Hernia Repair

When a Hernia Happens

Men, women and children of all ages can have hernias. A hernia is a weakness or tear in the wall of the abdomen. It is sometimes called a "rupture".

How Hernias Form

Acquired hernias are caused by wear and tear over the years. Congenital hernias result from a weakness in the abdominal wall that is present at birth. Hernias may get worse, or grow larger with time or physical stress.

Just as a bulge can form in a worn tire, a hernia may form in a weak abdominal wall. At this weak spot a hernia sac forms, this may fill with intestine or fat. When this happens, it often causes some pain. Hernias can occur around your navel, groin, or an old abdominal incision. Prompt surgery is often advised because hernias won't go away by themselves. If the intestine becomes trapped in the hernia, serious intestinal and digestive problems can occur.

Where Hernia Might Occur

An Incisional Hernia occurs at the site of a previous surgical incision, anywhere on the abdomen.

An Umbilical Hernia occurs in the umbilical ring around the navel.

An Inguinal Groin Hernia occurs in the groin near the internal ring. There are 2 types of inguinal hernias. A direct hernia occurs when the intestines passes through the muscle layers of the abdominal wall into the groin. An indirect hernia occurs when the intestine passes through the groin and descends into the scrotum.

A Recurrent Hernia occurs at a previous hernia site. It can often be repaired using laparoscopy.

When You Notice a Bulge

It's often easy to tell if you have a hernia. You may notice a bulge under your skin. You may also feel pain when you lift, cough or strain during urination or bowel movements. The pain may be sharp, sudden or both. In some cases, it may be a dull ache. The pain may get worse near the end of the day or after you stand for a long time.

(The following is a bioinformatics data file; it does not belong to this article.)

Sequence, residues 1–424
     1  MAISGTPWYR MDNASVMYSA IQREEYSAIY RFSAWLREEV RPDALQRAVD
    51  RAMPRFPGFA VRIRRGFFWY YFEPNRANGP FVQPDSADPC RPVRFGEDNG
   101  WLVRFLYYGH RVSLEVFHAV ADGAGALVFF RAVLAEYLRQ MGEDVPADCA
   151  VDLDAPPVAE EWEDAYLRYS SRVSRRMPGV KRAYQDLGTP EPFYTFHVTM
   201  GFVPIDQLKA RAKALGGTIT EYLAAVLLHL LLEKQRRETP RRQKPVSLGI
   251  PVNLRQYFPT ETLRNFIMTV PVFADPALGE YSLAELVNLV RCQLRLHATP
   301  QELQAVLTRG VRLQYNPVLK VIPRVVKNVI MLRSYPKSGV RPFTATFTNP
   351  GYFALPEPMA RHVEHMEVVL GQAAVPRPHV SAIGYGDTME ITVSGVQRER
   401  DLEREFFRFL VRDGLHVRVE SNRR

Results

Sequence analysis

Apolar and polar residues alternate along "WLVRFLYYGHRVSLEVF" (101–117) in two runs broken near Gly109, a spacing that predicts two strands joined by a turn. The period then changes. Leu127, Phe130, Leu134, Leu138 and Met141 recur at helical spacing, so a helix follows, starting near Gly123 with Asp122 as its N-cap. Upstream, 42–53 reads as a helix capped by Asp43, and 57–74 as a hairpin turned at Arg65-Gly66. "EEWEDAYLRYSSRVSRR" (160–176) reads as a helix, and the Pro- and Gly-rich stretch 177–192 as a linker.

The Wall Weakens or Tears

The abdominal wall may weaken or tear. A loop of intestine or fatty tissue may then push against the peritoneum. This forms a sac. You're not in immediate danger at this point. You may not even be able to see a bulge. But you may feel burning or tingling.

The Intestine Pushes into the Sac

As intestine pushes into the sac, a bulge may be seen externally. Sometimes the bulge flattens out when you lie down or push against it; this means you have a reducible hernia. Although you're not in immediate danger, you still need hernia repair.

The Intestine May Become Trapped

If intestine becomes incarcerated (trapped), you won't be able to flatten the bulge. This is a non-reducible hernia, and is often painful. Prompt surgery is required.

The Intestine May Become Strangulated